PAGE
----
Flat asphalt roofing has been installed since the 1840s. That is far longer than any single-ply roof system, most of which have been installed since the 1970s. The golden rule of asphalt roofing is that more is better. A 5 ply (or 5 layer) built-up or modified bitumen roof system, which may be ½” thick, will last far longer than any 2 ply (or 2 layers) built-up or modified system, which may be ¼” thick. In comparison, single ply systems are significantly thinner, typically between 45 millimeters (mills) (3/64 of an inch) to 80 mills (5/64 of an inch). Yet both roof systems have a similar life expectancy. Single-ply has taken over the flat roofing industry over the years. Between the big 3 single-ply products, EPDM, TPO and PVC roofing, single-ply is installed on 86% of roofs throughout the United States.  Asphalt, on the other hand, is installed on 14% of roofs. Some of the reasons for this shift include: Cost: As a rule of thumb, asphalt roof systems are far more expensive than single-ply roof systems. This is mostly due to the labor involved to install an asphalt roof system. Installing 3-5 plys, or layers, of asphalt roofing, takes far longer than installing 1 ply or layer of a single-ply roof system. Warranty:  Typically, most single-ply roofing manufacturers offer a longer and more competitive […]

5 Reasons You Should Install EPDM Roofing

EDPM stands for ethylene propylene diene monomer (M-class) rubber. For those of you who are not heavily into chemistry, EDPM is used to make water hoses for gardens, pond liners, window seals, solar panels, and, yes, roofs. And America likes EDPM single-ply roofing – 1-billion square feet of EPDM roofing is installed every year in our country, which translates to a whopping 35% of our roofing market. So, why is EDPM so strikingly popular in America? Here are five reasons why: EPDM Roofing – also known as rubber roofing – is less expensive that other flat roofing According to this popular online roofing calculator, the average rubber roof will cost 4 to 6 dollars per square foot: Polyvinyl chloride or PVC roofing and thermoplastic polyolefin or TPO is estimated to cost between $5.50 and $7.50 per square foot. Chaffee Roofing offers an expert cost estimation service. Rubber roofs resist damaging UV rays The warm rays of the sun make our lakes sparkle, our purple lilacs flourish, and dry up muddy lands in spring, but our roofs do not benefit from ultraviolet (UV) rays beating down on them. Why? UV rays change the chemical structure of materials, like asphalt, which can result in a roof’s surface cracking, shrinking, and becoming brittle. Rubber roofs resist UV rays – EDPM is often used on recreational vehicles (RVs) for […]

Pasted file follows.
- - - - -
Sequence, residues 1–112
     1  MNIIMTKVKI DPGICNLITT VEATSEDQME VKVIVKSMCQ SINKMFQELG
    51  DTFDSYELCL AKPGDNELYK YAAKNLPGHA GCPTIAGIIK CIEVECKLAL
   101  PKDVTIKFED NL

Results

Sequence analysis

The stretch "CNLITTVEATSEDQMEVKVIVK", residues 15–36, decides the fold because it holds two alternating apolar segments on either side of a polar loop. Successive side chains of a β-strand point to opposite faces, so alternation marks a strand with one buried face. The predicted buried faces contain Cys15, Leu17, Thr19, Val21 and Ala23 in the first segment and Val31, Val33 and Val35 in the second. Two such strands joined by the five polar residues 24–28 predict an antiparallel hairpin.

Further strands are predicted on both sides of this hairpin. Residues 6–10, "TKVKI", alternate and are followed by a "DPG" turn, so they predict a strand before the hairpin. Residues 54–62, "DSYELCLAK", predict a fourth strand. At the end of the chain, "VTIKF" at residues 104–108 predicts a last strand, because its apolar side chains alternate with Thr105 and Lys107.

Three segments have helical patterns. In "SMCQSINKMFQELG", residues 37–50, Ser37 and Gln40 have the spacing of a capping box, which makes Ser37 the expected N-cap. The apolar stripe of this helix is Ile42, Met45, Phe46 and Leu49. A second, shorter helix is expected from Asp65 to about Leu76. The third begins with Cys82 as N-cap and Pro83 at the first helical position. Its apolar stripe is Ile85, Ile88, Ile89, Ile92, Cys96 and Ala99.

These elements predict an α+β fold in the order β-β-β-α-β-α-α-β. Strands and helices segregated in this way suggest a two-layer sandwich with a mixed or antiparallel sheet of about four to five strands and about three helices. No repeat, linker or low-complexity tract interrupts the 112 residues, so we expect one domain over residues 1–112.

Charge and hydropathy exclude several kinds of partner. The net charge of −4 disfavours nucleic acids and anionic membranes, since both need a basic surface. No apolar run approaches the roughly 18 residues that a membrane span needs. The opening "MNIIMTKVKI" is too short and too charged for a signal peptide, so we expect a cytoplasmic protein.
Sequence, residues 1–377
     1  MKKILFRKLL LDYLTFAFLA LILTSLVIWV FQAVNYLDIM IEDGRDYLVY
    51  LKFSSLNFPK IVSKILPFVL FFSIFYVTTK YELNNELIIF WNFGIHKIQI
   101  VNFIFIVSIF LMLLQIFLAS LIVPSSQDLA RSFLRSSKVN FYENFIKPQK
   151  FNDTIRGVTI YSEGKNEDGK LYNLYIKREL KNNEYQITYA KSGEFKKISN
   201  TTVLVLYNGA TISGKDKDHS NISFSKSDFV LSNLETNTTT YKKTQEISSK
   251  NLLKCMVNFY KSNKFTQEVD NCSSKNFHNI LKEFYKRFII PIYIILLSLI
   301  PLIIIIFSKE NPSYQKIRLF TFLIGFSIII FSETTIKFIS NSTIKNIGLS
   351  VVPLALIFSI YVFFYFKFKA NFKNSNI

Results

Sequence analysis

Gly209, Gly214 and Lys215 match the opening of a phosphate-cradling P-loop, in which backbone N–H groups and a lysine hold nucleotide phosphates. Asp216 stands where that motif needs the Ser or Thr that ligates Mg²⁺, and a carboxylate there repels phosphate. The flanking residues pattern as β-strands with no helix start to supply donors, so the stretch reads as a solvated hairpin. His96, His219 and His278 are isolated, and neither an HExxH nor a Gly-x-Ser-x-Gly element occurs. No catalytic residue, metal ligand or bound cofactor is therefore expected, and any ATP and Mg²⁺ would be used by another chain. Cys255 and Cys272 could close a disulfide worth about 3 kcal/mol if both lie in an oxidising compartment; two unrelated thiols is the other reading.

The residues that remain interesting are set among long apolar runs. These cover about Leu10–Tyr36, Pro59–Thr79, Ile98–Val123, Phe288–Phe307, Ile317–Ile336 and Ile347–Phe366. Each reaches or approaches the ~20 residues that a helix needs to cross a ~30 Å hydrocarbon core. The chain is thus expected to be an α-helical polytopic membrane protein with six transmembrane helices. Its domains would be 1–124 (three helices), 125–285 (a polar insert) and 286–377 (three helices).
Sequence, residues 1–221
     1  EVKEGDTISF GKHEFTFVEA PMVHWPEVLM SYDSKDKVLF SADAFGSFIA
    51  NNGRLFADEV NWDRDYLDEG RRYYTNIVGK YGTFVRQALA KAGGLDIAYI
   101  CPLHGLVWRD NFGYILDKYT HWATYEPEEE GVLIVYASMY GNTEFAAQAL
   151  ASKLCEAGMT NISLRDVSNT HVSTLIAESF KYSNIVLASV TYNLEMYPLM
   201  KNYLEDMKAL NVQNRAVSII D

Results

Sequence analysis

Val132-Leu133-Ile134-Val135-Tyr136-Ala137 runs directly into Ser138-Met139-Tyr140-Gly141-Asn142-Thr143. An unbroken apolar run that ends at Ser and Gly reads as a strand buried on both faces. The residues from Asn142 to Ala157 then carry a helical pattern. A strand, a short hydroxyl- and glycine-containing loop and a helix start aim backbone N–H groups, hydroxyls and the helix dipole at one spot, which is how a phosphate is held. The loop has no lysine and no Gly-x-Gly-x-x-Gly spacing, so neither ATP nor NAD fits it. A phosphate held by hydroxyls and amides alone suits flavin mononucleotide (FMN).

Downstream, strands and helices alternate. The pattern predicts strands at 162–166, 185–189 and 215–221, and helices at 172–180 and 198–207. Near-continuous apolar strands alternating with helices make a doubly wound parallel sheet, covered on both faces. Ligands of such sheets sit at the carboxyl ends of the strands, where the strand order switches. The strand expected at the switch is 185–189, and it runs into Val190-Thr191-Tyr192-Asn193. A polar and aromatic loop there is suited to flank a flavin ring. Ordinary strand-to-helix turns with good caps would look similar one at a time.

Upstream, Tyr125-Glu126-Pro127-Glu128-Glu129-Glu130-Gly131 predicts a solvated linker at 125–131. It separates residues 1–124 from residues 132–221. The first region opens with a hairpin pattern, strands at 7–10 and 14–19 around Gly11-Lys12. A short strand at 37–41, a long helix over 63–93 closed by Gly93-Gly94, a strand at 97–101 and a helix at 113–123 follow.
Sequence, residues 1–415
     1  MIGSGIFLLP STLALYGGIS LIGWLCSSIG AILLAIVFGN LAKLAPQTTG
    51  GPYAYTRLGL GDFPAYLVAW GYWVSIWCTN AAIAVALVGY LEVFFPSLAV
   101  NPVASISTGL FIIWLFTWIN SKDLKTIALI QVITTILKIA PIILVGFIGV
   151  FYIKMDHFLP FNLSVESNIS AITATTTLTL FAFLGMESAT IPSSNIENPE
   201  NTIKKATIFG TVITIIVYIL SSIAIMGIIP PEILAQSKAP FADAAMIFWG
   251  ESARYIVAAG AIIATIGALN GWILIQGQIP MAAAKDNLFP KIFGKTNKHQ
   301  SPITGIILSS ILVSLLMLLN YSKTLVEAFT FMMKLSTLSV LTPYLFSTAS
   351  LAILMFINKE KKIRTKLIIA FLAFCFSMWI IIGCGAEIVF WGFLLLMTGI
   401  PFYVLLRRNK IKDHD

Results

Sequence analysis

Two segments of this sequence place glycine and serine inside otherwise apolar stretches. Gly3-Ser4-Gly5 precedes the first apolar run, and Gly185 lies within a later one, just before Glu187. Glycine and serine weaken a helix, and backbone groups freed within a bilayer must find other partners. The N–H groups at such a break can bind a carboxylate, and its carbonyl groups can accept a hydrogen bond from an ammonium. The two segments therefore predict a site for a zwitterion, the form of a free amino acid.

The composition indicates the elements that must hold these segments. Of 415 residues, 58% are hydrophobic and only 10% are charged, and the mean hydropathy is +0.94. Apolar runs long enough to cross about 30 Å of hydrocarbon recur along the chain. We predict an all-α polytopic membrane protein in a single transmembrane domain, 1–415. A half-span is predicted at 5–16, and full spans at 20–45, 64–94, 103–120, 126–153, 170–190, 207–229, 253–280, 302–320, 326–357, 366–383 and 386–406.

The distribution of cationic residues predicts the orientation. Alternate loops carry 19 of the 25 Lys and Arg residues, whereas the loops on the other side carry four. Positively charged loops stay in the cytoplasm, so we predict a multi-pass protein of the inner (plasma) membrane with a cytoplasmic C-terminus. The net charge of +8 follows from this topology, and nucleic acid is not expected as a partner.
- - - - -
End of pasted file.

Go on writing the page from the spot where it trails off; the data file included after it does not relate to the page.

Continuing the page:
Comparison of Roofing Membranes

There are many choices to make when you are looking to replace your commercial roof. Due to the number and complexity of options facilities managers often leave this decision to their roofing contractor. Other times, architects will decide. But arming yourself with this knowledge will give you the opportunity to ask pertinent questions. Flat roof systems are long term capital investments that will protect your building for decades to come. Making sure you’re getting the most out of your hard-earned dollars is just a sensible thing to do. Bear in mind that the best product in the world will still fail if improperly installed. Success is almost always a collaboration of (1) a quality product installed by a (2) quality commercial roofing contractor. If you remove one part from that equation it is generally unreasonable to expect that you will get the best results. Remove both from the equation? Well, I’m sure you can do the math. The following are some points for comparison in commercial roofing products: Breaking Strength A majority of TPO roofing systems that are installed are mechanically fastened to the roof deck. Breaking strength is a critical measurement of a sheet’s strength if the membrane is ever subjected to extreme forces, such as excessive wind, against the fasteners that hold it in place. The ASTM breaking strength test consists of a […]